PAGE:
New substances that activate adrenalin receptors instead of opioid receptors have a similar pain relieving effect to opiates, but without the negative aspects such as respiratory depression and addiction. This is the result of research carried out by an international team of researchers led by the Chair of Pharmaceutical Chemistry at Friedrich-Alexander-Universität Erlangen-Nürnberg (FAU). Their findings, which have now been published in the scientific journal Science, are a milestone in the development of non-opioid pain relief.
Opiates cause addiction, new substances do not
They are a blessing for patients suffering from severe pain, but they also have serious side effects: Opioids, and above all morphine, can cause nausea, dizziness and constipation and can also often cause slowed breathing that can even result in respiratory failure. In addition, opiates are addictive — a high percentage of the drug problem in the USA is caused by pain medication, for example.
In order to tackle the unwanted medical and social effects of opioids, researchers all over the world are searching for alternative analgesics. Prof. Dr. Peter Gmeiner, Chair of Pharmaceutical Chemistry is one of these researchers. “We are focusing particularly on the molecular structures of the receptors that dock onto the pharmaceutical substances,” says Gmeiner. “It is only when we understand these on the atomic level that we can develop effective and safe active substances.” Collaborating with an international team of researchers, Prof. Gmeiner discovered an active substance in 2016 that bonds to known opioid receptors and that offers the same level of pain relief as morphine, even though it has no chemical similarity to opiates.
New approach: Adrenaline receptors instead of opioid receptors
Peter Gmeiner is currently following a lead that seems very promising: “Many non-opioid receptors are involved in pain processing, but only a small number of these alternatives have as yet been validated for use in therapies,” he explains. Gmeiner and a team of researchers from Erlangen, China, Canada and the USA have now turned their attention to a new receptor that is responsible for binding adrenaline — the alpha 2A adrenergic receptor. There are already some analgesics that target this receptor such as brimonidine, clonidine and dexmedetomidine. Gmeiner: “Dexmedetomidine relieves pain, but has a strong sedative effect, which means its use is restricted to intensive care in hospital settings and is not suitable for broader patient groups.”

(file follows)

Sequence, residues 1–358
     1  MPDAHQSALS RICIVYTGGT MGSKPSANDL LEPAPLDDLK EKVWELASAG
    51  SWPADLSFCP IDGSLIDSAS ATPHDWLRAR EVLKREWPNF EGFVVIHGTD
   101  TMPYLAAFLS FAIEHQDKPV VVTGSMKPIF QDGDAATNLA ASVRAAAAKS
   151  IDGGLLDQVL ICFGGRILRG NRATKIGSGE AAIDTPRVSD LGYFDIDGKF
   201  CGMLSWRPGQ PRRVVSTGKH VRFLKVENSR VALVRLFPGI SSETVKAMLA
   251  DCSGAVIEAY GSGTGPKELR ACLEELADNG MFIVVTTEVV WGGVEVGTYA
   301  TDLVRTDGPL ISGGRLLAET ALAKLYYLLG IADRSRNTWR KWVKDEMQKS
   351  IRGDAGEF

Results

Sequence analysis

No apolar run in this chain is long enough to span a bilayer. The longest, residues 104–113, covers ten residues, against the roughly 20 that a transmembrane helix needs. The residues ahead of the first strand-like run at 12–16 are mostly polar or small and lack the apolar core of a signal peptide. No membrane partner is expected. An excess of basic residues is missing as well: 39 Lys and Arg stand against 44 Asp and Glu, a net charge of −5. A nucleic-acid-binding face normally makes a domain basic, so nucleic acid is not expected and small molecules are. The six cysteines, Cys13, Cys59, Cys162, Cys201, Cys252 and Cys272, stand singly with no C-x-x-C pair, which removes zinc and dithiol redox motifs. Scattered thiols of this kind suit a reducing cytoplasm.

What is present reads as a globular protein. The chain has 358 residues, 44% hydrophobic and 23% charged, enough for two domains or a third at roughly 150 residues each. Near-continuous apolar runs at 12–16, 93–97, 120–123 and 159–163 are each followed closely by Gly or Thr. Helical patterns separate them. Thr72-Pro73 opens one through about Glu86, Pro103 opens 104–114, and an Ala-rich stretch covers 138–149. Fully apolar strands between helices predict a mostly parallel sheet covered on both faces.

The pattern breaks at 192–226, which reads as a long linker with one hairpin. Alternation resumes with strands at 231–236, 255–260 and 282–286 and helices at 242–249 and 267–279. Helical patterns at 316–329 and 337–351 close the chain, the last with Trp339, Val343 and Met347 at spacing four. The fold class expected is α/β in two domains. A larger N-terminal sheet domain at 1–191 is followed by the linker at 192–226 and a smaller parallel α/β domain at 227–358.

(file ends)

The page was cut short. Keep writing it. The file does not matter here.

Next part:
The aim of the research consortium is to find a chemical compound that activates the receptor in the central nervous system without a sedative effect. In a virtual library of more than 300 million different and easily accessible molecules, the researchers looked for compounds that physically match the receptor but are not chemically related to known medication. After a series of complex virtual docking simulations, around 50 molecules were selected for synthesis and testing and two of these fulfilled the desired criteria. They had good bonding characteristics, activated only certain protein sub-types and thus a very selective set of cellular signal pathways, whereas dexmedetomidine responds to a significantly wider range of proteins.
Pain relief without sedation in animal models
By further optimizing the identified molecules, for which extremely high-resolution cryo-electron microscopic imaging was used, the researchers were able to synthesize agonists that produced high concentrations in the brain and reduced the sensation of pain effectively in investigations with animal models. “Various tests confirmed that docking on the receptor was responsible for the analgesic effect,” explains Gmeiner. “We are particularly pleased about the fact that none of the new compounds caused sedation, even at considerably higher doses than those that would be required for pain relief.”
The successful separation of analgesic properties and sedation is a milestone in the development of non-opioid pain medication, especially as the newly-identified agonists are comparatively easy to manufacture and administer orally to patients. However, Prof. Gmeiner has to dampen any hopes of rapid widespread use in human medicine: “We are currently still talking about basic research. The development of medication is subject to strict controls and in addition to significant amounts of funding, it takes a long time. However, these results still make us very optimistic.”